Now That We’ve Passed The 1st Grading Period – How Are We Getting Along At School And At Home?

As we celebrate our students and teachers we get to know more about their various learning styles.  We also find that depending on the age (younger are more receptive, where as the older MS/HS students like to be more independent) there is opportunities to incentivize study habits. We find that working at home can be a complicated process. Students first do need a time to play with friends and outside, and they also need a structured working at home patter doing homework as they prepare for adulthood.  Young men especially think that by osmosis the work will be absorbed in their sleep :).

Students At SC Philharmonic

I’m bringing this up because we know students will resist taking notes from their reading at home, they may not read at all when at home, and this will not be helpful as they mature, graduate, and attend higher education.  Of course these are skills that will need to be relearned should higher education be a part of their future.  Students and parents should have an understanding of required study times.  For example in Higher Education for every 1 hour in class 3 hours are expected for outside reading and research.  Now, this is not the case in HS but an hour is recommended of reading with some note taking expected during that time.

Such tools that aid a child in the classroom, and ways the teacher can better communicate success in the classroom requires study at home.  Although the expectations of the student in their learning process will fight you as the parent, you are shaping their skill sets as time progresses. These 3 items can make for a very successful student or it can bring about a good portion of frustration in years ahead.  For example, did the student remember to bring home the materials to study and if not what is a fair consequence?  Did the teacher communicate adequately for the work to be accomplished and did the student take any notes?

If not what assistive technology resources are available to assist the student in achieving a level of understanding where everyone is progressing.  For example, can a calculator or laptop assist in making math simpler if there is a disability / difference involved, or would a recording note-taking pen (Livescribe) be possible?  These types of items can make for a reduced level of frustration.  It will not eliminate the boundaries and consequences required for study habits to be formed.  If this goes unaddressed there will be long term issues for the child in adulthood.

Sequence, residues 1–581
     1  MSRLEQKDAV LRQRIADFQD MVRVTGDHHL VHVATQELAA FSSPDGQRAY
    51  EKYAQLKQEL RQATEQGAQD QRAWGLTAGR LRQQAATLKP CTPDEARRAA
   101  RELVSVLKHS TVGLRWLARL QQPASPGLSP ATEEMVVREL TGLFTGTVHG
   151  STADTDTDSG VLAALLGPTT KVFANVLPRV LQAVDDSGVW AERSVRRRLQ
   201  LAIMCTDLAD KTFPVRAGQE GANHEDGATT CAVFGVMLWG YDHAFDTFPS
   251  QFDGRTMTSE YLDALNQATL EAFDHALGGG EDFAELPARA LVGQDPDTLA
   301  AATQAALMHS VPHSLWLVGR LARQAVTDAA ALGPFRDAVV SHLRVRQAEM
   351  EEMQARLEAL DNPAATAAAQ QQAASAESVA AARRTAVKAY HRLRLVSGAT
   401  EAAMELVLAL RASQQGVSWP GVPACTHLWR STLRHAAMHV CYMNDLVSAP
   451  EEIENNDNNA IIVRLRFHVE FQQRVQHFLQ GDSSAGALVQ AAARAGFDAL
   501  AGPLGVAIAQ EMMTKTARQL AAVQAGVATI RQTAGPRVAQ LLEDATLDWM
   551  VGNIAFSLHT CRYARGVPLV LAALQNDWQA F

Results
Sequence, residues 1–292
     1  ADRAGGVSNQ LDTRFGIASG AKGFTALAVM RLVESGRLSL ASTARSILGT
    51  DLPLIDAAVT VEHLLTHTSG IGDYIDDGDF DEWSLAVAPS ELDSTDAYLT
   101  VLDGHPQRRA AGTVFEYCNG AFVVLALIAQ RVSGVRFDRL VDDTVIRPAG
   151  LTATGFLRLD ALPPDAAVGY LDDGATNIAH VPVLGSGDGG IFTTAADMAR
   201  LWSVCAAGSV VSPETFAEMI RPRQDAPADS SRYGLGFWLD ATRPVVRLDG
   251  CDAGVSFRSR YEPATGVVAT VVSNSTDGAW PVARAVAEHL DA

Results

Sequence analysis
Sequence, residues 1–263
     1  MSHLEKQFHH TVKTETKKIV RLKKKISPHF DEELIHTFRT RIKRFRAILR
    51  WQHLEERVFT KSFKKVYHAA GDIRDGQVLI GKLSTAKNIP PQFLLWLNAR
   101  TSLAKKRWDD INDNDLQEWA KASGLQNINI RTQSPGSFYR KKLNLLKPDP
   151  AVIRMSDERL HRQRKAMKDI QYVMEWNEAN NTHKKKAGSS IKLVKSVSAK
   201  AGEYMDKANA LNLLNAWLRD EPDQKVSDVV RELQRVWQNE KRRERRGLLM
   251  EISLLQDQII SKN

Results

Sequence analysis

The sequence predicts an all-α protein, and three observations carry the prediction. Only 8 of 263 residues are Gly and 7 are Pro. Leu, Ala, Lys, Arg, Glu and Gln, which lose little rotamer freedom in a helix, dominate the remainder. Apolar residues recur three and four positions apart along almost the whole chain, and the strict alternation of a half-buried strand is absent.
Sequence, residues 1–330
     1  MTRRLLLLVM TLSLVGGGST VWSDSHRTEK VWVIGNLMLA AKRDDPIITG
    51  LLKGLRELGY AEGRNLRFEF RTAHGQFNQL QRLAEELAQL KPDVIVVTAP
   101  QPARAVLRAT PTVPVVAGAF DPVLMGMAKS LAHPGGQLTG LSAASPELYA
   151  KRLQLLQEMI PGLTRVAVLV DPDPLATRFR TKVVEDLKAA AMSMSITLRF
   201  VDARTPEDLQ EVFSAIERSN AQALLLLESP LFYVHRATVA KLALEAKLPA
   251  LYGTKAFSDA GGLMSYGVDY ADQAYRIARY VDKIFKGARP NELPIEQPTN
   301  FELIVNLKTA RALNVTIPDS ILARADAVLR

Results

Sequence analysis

The first step in such questions is to meet with Mrs. Cevallos of course to review your student’s profile.  Sometimes an accommodation is beneficial, but other times the student is using their disability to prevent an ability that they do have.  The next step is simply to talk with your classroom teacher about what is of importance according to their classroom plan (syllabus).  The teacher is on your side, and is supportive of your child’s progress.  I promise you, there is always two sides to a story when a student suggests otherwise, please come and observe the student in class (we would love to have you visit class).

The progress made from the 1st marking period in class between students and teachers will be the difference needed to keep everyone moving forward for a 2nd marking period.  My encouragement to you is to discuss this with your student, to make a plan as to how to best operate when at home (tv, friends, study times, reading locations, extra activities that may interfere with school like Boy Scouts or college football games) and what goals as a family do you wish for your student to embrace.

These shared goals with your student will either provide a reference point when an activity may be a diversion or when there is a lack of structure the family arguments increase.

Your agreement will aid in their overall understanding of your expectations, and can assist you in seeing the light at the end of the tunnel so you don’t, as the parent, feel like there is no long term hope when addressing your student’s requests.  There are counselors, and a great deal of research to support these comments, but that may not be enough for your student.  Please spend some time reading not just articles, but a few authors on this subject.  If you need some suggestions we have many.  Your success is our purpose for being.
Chris Winkler
Head of Glenforest School

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